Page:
I quickly hooked up with two Tibetan teachers (brother and sister) who were able to explain in mutually clunky Mandarin that they’d been here before and it wasn’t too much further by foot, “....just 29 hairpin bends, but we can take shortcuts”! Because of Tibet's altitude I was gasping for air before we started. It was pitch black with slippery, ankle-deep snow. But thanks to the encouragement and helping hands of teachers “Jin” and “Zhuo” we made the two hour climb together in time for a steaming hot breakfast of dumplings in the monastery canteen. What a start to 2009!
We are spending a lovely few days with my friends Krista and Stuart in their picturesque house in Chippenham. They have arranged some great little outings eg JD getting drenched in the water playground and a visit to a set of canal boat locks including a short barge ride.
JD was having trouble grasping how long it is until we visit the UK, so I wrote a countdown on a block of post-its and now, every day, he rips off the top one and we stick it up on the top of the wardrobe.
We are all really looking forward to the trip. Six weeks seemed a lot of time for us to fill, at first, but we appear to be squeezing far too much in once again in order to see everyone and do all the things we want to. And of course, we're still waiting to see if Jiajia gets her visa without a hiccup.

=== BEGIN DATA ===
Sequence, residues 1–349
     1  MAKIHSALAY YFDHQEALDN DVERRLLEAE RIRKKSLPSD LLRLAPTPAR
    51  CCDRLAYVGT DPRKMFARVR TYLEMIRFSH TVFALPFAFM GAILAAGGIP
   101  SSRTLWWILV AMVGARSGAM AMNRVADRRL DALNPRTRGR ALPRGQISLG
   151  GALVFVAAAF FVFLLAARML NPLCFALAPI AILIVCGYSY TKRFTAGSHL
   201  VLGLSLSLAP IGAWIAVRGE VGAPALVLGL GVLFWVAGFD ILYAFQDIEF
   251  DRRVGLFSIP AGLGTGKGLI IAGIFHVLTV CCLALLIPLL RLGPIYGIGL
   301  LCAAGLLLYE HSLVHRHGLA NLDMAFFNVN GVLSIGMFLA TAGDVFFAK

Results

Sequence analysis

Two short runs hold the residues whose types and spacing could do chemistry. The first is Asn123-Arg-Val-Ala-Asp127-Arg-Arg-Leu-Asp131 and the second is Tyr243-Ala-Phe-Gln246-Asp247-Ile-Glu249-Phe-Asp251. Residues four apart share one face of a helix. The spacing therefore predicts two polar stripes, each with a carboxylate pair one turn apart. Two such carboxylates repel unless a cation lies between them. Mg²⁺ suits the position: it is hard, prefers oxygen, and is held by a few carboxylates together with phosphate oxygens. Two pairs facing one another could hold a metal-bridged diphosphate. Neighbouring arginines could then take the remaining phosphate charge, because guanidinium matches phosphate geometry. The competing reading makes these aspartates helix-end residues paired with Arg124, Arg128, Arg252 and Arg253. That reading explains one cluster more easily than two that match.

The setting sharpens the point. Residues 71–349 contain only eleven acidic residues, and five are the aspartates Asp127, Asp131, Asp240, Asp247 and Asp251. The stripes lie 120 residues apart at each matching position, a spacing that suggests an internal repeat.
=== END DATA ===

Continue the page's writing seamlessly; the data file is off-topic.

JD and I took the 7½ hour daytime train back to Kunming today. It's been an even more successful trip than I had hoped for with plenty of exercise, adventures, friends and fresh air. JD says his highlight (alongside the boat, the chairlift and the horse riding) was the easy access to various construction vehicles ...each to his own!
JD and I walked to the Three Pagodas this morning (the hotel told us it was 1km. It was at least 3km!) and were able to get in for free with yesterday's boat ticket. Then up a ten-minute chairlift to get to the top of CangShan mountain. JD was keen to visit a couple of caves there (armed with a tiny torch he had bought especially) but, after a 4km walk along the "cloud path" we found they had been closed due to a rockfall. So another 4km back to the chairlift, via a picnic and back to the hotel. Ten kilometres is a lot of short legs, and JD was hardly able to stay awake by the time we got to our room!